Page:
Several years ago foam rolling was the “in” thing and everyone used and praised it. Self “mobility” work has since evolved away from foam rolling — even to the point of poopooing it — but it can still serve a purpose.
Most Tommy Tough Guys will say, “Ptsh, foam rolling is too light, I just use a a PEEH-VEH-CEE.” An actual foam roller won’t correct any real soft tissue problem, but that’s not its effective purpose. Foam rolling is best used prior to activity or training to loosen up the soft tissue (which can include fascia, muscles, or tendons) to be more pliable and allow a comprehensive range of motion (ROM). Think of it as a part of warming up instead of soft tissue treatment.
Trainees lament that a large portion of their day is spent sitting down. And if they’re standing up or doing manual labor, they’re still probably not going through a full ROM and spend time in problematic positions (bending over, crouched down, on knees, etc.). Either way, loosening up the body with a foam roller will prep those structures for activity, whether applying force maximally or ballistically. This light soft tissue work will augment any movement prep like dynamic stretching or any “mob” that includes positional stretching. Heavy, invasive massages prior to training can have a deleterious effect on performance, yet light massages can make the structures more pliable, increase blood flow to the area, and even reduce Delayed Onset Muscle Soreness (DOMS) quicker.
At worst you’re increasing your warm-up by five to ten minutes. At best you’re enhancing that warm-up, improving recovery, and prepping your structures to train better.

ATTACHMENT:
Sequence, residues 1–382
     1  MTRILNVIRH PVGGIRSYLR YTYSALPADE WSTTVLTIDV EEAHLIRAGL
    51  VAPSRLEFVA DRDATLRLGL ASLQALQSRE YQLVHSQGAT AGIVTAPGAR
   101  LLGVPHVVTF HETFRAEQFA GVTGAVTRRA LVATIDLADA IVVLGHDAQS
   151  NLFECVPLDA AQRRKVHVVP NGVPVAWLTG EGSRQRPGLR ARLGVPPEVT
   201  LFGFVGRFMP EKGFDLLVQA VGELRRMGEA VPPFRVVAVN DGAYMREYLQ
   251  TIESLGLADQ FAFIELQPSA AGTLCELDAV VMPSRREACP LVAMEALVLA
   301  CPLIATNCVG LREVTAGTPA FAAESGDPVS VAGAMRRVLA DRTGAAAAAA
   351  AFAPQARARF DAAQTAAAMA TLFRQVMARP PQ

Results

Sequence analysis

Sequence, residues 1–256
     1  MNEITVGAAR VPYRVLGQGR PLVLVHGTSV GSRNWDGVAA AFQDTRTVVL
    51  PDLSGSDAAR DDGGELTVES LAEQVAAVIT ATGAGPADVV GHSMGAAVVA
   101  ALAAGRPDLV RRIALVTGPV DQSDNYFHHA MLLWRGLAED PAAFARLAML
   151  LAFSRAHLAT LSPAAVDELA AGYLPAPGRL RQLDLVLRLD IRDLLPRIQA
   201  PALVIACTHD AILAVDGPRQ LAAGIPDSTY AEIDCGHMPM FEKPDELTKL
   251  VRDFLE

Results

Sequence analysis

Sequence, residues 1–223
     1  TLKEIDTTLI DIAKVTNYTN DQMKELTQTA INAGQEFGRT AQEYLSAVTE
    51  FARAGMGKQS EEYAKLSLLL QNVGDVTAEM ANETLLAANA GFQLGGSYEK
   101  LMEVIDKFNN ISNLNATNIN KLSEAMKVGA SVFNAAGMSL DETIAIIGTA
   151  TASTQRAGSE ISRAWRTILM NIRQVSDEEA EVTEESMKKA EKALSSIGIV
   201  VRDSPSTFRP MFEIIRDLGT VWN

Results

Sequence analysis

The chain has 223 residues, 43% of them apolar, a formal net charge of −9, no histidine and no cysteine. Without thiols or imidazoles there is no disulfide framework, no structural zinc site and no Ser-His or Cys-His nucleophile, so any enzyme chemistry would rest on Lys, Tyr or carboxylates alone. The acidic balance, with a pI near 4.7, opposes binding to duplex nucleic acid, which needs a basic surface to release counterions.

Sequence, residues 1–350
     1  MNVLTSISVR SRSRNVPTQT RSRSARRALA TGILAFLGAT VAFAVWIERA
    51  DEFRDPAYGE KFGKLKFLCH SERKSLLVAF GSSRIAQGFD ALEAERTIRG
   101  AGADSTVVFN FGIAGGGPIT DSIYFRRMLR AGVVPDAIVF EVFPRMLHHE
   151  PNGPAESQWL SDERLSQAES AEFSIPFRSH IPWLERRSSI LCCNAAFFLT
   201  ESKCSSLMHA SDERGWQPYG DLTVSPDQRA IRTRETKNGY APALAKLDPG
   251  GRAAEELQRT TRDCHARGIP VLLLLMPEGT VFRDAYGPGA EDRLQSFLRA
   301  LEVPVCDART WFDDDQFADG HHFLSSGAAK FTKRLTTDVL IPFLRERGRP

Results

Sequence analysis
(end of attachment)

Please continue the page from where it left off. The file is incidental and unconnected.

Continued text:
One reason that a PVC may not be as useful in the context of a warm-up is because it’s more invasive and painful. Tommy Tough Guy Mentality says, “I can take it. BRING ON THE PAIN.” Just because you can deal with pain doesn’t mean you’re a) cool or b) doing anything useful. In actuality it’s not easy to undergo pain and completely relax a muscle. The point is to get some light massage through the muscle belly tissue, not to tense up and contract the muscle because it’s experiencing pain and try to massage a taught muscle. By using foam, you can reach deep into the tissue without tensing up or disrupting the cellular environment too much.
This isn’t to say that PVC is worthless, but it’s most likely inferior for warm-up purposes for most people. Note that over time your tissues will adapt to the foam roller and you’ll need a harder surface to receive the same effect. That means if you’ve been foam rolling daily for a couple of years, then no, this won’t apply to you. Foam rollers can cost 15 to $20 and PVC can cost a few dollars. I think they both serve a purpose, especially when you don’t have a servant to give you a rub down prior to training (yeah c’mon). In case you’ve haven’t gotten on the internet since 2005, here’s a video of a foam rolling protocol, specifically what I do before training. I aim to loosen tension on my back, hips, and knees. I could probably accomplish the same with a PVC, but I know it’d cause some “tensing up” in my thighs or around my knees. The PVC also crunches on the spinous processes of my vertebral segments when rolling certain positions on my back. If all you need is a light massage, and you have access to a foam roller, then it’s a better tool.